Everton reportedly in talks with insolvency consultants

06 May 2024 Consultancy.uk 5 min. read
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Speculation on the future of Everton Football Club has gone into overdrive, amid reports that it has contacted insolvency advisors. With the club yet to issue a statement on its reported tapping of professionals from Teneo, industry experts have speculated it could be on the brink of administration.

As one of the original members of the top tier of English football, Everton Football Club holds the record of playing most seasons at the highest level of the nation’s club game. Since 1888, the Toffees have only played four seasons outside the first tier, and have played at the top level continuously since 1954. Only Arsenal have a longer unbroken run at this level.

However, recent years have seen the club fall on hard times. Chaotic managerial appointments and a succession of suspect transfer decisions have seen Everton flirt with relegation for three successive years – only pulling clear of the Premier League’s bottom three places in the final weeks of the season. As poor as the team has been on the pitch, however, life at the club has been even more tumultuous behind the scenes.

Everton reportedly in talks with insolvency consultants

Clubs are permitted to lose £105 million over a three-year period in the Premier League, or £35 million per season, as part of the league’s profit and sustainability rules (PSR). Everton – which changed accountants last year – recorded losses of £125 million over three years, however, and were subsequently stung with a 10-point deduction earlier in the season. While that was reduced to six on appeal, the club was then docked a further two points, when an independent commission found the club had breached PSR by £16.6 million for the three-year period to 2022-23.

Deepening woes

While the club still seems to be mathmatically safe from relegation, thanks to the terrible performance of the Premier League’s three promoted sides this season, that financial performance might still have more bad news in store for players and fans. Everton’s owner Farhad Moshiri has long been trying to sell the struggling club – but the much-discussed deal with 777 Partners now reportedly hangs in the balance, leading to reports that the club is running dangerously short on capital.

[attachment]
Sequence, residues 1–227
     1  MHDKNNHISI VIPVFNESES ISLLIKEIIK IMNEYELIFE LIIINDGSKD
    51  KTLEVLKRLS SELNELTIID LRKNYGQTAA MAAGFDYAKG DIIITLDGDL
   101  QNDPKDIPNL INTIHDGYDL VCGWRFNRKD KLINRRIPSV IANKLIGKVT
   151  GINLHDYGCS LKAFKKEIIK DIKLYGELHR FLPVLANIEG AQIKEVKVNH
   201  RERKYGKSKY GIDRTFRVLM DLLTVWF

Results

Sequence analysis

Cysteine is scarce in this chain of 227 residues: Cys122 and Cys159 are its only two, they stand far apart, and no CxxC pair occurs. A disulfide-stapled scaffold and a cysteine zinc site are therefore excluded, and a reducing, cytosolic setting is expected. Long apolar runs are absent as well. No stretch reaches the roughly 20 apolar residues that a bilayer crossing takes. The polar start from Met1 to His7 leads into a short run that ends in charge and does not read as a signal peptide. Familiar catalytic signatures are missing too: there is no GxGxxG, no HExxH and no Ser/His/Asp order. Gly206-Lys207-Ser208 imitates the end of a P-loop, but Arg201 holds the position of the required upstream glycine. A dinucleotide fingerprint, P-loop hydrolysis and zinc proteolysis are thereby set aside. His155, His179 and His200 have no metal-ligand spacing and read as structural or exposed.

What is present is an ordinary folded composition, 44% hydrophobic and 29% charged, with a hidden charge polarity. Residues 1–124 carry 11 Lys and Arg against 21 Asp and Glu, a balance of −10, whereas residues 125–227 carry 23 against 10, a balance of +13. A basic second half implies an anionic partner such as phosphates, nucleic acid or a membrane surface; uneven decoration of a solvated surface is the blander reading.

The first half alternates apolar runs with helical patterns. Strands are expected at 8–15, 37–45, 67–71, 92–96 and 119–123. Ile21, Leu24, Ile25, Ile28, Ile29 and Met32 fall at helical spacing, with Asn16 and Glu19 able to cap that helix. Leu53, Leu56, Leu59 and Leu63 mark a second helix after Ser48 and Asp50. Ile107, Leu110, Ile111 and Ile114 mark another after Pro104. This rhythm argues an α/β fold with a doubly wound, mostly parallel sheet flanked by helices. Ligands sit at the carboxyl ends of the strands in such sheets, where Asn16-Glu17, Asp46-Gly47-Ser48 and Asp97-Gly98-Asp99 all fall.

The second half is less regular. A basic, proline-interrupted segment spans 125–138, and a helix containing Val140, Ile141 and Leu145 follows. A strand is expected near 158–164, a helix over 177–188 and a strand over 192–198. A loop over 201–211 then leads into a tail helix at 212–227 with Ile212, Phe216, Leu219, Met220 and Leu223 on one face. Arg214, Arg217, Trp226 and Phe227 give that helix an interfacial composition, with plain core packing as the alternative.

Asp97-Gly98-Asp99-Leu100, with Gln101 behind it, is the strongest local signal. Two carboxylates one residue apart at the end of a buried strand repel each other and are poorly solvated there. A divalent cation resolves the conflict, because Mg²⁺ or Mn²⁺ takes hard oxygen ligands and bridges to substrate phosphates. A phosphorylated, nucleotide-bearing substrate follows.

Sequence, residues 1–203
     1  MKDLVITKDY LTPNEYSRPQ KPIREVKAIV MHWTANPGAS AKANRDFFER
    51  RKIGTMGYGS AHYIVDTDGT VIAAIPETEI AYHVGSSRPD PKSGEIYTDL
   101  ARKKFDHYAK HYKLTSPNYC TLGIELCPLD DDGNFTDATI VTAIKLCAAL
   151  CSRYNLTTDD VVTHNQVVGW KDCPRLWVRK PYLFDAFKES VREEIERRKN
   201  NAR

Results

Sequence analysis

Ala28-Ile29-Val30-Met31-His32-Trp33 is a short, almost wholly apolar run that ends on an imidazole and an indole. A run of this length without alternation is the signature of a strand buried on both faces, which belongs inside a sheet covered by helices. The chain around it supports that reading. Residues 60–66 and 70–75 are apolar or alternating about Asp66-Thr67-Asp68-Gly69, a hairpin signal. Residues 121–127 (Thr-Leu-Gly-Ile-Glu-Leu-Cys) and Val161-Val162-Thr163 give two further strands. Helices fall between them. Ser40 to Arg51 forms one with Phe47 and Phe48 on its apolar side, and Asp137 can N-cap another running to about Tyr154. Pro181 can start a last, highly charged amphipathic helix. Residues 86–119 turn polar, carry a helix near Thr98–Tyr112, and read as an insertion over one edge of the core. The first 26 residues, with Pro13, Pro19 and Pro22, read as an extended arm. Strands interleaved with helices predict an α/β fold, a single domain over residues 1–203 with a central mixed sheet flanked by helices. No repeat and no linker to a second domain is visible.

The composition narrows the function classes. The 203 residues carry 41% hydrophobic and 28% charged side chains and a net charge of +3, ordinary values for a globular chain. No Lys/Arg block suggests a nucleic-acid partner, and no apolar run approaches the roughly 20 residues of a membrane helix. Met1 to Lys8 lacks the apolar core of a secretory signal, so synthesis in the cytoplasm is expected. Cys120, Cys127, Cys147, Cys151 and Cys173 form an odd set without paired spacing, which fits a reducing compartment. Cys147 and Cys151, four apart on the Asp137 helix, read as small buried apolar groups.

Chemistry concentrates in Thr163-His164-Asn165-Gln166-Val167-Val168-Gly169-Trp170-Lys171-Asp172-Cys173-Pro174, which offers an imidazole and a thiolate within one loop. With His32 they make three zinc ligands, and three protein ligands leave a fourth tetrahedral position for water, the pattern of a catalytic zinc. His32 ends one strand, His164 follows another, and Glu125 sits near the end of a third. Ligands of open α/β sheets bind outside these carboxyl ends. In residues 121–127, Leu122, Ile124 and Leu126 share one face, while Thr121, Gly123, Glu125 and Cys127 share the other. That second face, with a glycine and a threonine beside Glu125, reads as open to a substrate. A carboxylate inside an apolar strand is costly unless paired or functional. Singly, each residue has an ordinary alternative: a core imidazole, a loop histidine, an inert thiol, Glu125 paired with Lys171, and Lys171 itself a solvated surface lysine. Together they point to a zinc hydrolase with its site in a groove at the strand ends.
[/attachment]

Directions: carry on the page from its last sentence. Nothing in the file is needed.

American private equity firm 777 Partners signed a deal in September to acquire Toffees owner Farhad Moshiri’s controlling stake in the club – but reports from Forbes also suggest the firm is still scrambling to raise the funds needed to complete its takeover, while other sources suggest it is yet to meet a range of conditions for the takeover set by the Premier League. This means that while numerous financial experts in the sector have been discussing the deal as a foregone conclusion for almost the whole season, it could be on the brink of falling through.

Speculation around the deal has risen rapidly, as 777 also appears to be experiencing financial difficulties. In early May, its low-cost airline Bonza entered voluntary administration in Australia. Meanwhile, The Guardian reported that 777 Partners parted company with its UK public relations advisors, having fallen behind on fee payments for their work. Elsewhere in the football world, 777’s wider portfolio of clubs also appear to be struggling to keep up with debt obligations, while underinvestment is causing them to fail on the pitch. Genoa, Red Star, Hertha Berlin and Vasco da Gama have all suffered relegation within the last six seasons. All of this suggests that Everton might still take further financial hits, even if 777 can complete its takeover.

Amid the long wait, the club has been left relying on emergency cash injections – with The Guardian also reporting Everton’s operations were waiting for a further £15 million of loans that 777 had pledged to provide Everton with during April. While a 777 spokesperson confirmed that “the club has been provided with the working capital it needs”, he would not specify how much of the £15 million had been sent.

Teneo

If the deal collapses, and Everton cannot fulfil the club’s immediate financial obligations, it will fall into administration. That carries a potential further nine-point deduction, meaning that if it happened in the 2023/24 season, and results went against them, the club could still see in the next campaign in the Championship. The further financial impact of that loss of broadcast revenues could prove catastrophic in the long-run.

According to reports from The Guardian, there is mounting speculation that this could very much be on the cards. According to the UK paper, Everton has contacted Teneo – an international financial consultancy with a heritage in insolvency work – to advise Everton and its directors. This does not inherrently mean that Everton will go into administration – while Teneo has fulfilled recent administrations including Russian bank VTB and retailer M&Co, it also handles restructuring work for companies like Petrofac, as they seek to avoid such steps.

However, Everton fans hoping for that to be the case might have been left slightly worried by the exchange with Teneo which The Guardian also reported. When its journalists reached out to Teneo’s CEO of financial advisory, Daniel Butters, for comment, he replied, “We don’t comment on any client situations.” That may be a stock reply in the consulting industry, but that the phone line “then went dead” may not bode well for the future.